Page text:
Water Levels, ESG Demand, Stranded Assets, SBTi, and a Climate Change School
Here are 5 ESG insights you might have missed this week:
1. The Largest Water Reservoirs in California Are Rapidly Receding-
The ongoing drought in the U.S. West is challenging access to water in several states.
Water storage in the state is supposed to be at its highest this time of year, a sobering forecast of how low water levels may be this coming summer. Lake Oroville is at about 55% of its usual capacity, the LA Times reported. Shasta Lake reservoir is a bit worse—it’s currently at 40% of regular capacity, which is the lowest the lake has been this time of the year since record-keeping began in 1977. The levels are low enough in this reservoir that hydropower generated may be affected for residents in the area.
California’s snowpack, which usually melts and feeds into waterways across the state in the spring, was alarmingly low this year. In fact, this past winter was recorded as one of the driest winters in 128 years. In late March, California Department of Water Resources officials set out to conduct the annual snowpack measurement near Lake Tahoe and found only 2.5 inches of snow where there should have been about 5 feet. by transition risks affecting the risks they insure or the investments they make.
2. Record High in ESG ETF Demand Comes with an Asterisk-
ESG ETFs in Canada touch historic highs despite a constantly fluctuating market, with equity strategies leading the way.
In April, $642 million was invested in Canadian-listed ESG ETFs, increasing the year-to-date total to $1.6 billion. Despite a constantly unpredictable market rattled by geopolitical events and ongoing pandemic disruptions around the world, demand for ESG ETFs has hit new highs.
However, there’s one catch: institutional orders have dominated the inflows to Canadian ESG ETFs. Two ESG equities ETFs from National Bank Investments, for example, garnered $600 million in apparent institutional subscriptions in April. April's ESG ETF inflows would have been only $42 million without them (still positive, but more indicative of grassroots buying interest). Similar patterns of majority institutional demand that occurred against a background of reduced retail activity were seen in previous months of high ESG inflows.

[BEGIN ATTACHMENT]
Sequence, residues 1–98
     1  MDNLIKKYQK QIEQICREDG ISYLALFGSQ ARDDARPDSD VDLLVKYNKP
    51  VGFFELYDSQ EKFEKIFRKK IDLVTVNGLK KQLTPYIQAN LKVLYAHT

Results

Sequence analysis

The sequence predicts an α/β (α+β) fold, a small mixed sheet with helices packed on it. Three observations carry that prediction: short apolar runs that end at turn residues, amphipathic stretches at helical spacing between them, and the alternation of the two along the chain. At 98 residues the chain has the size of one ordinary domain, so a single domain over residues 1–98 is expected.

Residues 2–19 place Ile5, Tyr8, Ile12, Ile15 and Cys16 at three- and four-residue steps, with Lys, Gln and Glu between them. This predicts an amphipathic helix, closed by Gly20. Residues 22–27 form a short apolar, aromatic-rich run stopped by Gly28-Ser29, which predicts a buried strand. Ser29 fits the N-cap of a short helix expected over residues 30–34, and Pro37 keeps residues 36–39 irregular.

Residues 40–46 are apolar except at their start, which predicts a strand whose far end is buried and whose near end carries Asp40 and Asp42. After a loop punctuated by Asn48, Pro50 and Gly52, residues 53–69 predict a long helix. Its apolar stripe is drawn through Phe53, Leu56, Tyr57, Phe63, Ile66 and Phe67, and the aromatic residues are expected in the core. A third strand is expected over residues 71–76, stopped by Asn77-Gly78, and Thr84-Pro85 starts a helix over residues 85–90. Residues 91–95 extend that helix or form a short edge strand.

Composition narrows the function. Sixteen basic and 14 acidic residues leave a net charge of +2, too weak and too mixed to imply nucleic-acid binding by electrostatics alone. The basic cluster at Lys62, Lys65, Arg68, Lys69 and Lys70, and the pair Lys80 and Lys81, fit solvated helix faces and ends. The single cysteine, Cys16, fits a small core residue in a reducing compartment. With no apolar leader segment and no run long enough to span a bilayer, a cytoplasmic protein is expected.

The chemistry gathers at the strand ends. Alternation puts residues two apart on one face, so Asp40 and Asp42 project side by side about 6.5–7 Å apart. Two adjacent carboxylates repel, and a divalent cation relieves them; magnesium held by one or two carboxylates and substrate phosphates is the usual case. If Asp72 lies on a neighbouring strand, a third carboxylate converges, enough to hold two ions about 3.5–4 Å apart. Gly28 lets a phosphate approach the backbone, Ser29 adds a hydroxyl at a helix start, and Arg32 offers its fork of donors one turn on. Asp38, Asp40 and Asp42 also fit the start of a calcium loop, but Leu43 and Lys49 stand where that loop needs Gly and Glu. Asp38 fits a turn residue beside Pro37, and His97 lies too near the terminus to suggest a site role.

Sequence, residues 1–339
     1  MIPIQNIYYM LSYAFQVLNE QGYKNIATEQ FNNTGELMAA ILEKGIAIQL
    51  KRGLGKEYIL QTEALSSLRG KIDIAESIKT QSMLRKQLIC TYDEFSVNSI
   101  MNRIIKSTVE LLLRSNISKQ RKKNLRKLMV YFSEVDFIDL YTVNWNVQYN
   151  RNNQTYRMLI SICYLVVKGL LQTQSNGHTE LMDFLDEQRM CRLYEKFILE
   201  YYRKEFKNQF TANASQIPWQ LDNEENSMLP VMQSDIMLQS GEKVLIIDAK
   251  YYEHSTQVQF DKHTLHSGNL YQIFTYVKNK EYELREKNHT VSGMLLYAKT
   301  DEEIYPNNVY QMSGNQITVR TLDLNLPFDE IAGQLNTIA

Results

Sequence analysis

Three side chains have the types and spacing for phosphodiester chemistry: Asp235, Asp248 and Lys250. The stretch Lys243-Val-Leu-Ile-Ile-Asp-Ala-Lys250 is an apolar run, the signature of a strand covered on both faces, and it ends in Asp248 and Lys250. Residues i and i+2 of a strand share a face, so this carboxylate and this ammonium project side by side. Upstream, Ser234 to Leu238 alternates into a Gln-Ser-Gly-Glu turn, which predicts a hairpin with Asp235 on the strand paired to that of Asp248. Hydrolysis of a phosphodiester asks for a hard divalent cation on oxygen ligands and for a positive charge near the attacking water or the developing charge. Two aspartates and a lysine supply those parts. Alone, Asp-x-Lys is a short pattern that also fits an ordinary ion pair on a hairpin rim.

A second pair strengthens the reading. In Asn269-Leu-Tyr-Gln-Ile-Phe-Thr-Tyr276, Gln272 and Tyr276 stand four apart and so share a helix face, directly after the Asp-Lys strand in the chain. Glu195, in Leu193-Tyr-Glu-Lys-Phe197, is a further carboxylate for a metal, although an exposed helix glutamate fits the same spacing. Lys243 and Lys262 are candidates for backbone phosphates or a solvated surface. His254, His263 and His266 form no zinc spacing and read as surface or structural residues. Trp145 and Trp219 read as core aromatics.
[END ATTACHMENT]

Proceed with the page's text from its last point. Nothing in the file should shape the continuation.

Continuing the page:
3. High and Dry: How Water Issues Are Stranding Assets-
Water insecurity is already impacting companies through the stranding of assets. CDP's report with Planet Tracker presents new research which highlights the deep implications for the global financial sector.
Global companies in key industries are already losing billions as a result of the global water crisis. The research shows how US$15.5 billion has been stranded, or is at risk. The report focuses on four case studies taken from key sectors with high levels of water usage: oil & gas, electric utilities, coal, and metals & mining.
Financial institutions are exposed to these risks through shareholding and lending activities. The new analysis shows the top 20 financial firms have provided US$2.5 trillion in bond, loan, and equity financing to some of the world's most water-impactful companies over the past decade. But many institutions are still unaware of the problem, with one-third reporting not to be assessing the exposure of their activities to water issues.
4. SBTi Progress Report 2021-
The SBTi's published its third progress report, 'Scaling Urgent Corporate Climate Action Worldwide'.
In 2021, the SBTi entered a period of exponential growth and increasing corporate ambition - doubling the number of new companies setting and committing to set targets, and tripling the rate at which new targets were validated.
At the end of 2021, more than 2,200 companies covering over a third of the global economy’s market capitalization, were working with the SBTi - a rate of more than 110 new companies per month.
5. Stanford University Announces New Climate Change School With $1.1 Billion Donation-
Stanford University announced it is launching a new school later this year focused on climate change and funded by John Doerr, a renowned Silicon Valley venture capitalist.
Doerr and his wife donated $1.1 billion to fund the initiative -- the largest gift ever given to a university for establishing a new school, according to the New York Times. The university's first new school in 70 years will be known as the Stanford Doerr School of Sustainability, and is set to officially launch on September 1. Stanford President Marc Tessier-Lavigne wrote in a message to the university that the school will focus on three broad, but critical areas: earth, climate and society.
"As is often said, we do not inherit the Earth from our ancestors, we borrow it from our children. We must create a future in which humans and nature thrive together," the new dean added.
One more thing: A new platform from Global Plastic Watch to crackdown globally on plastic waste sites.
Find the platform here: https://globalplasticwatch.org/
Do share your comments or the content you think our community should not miss!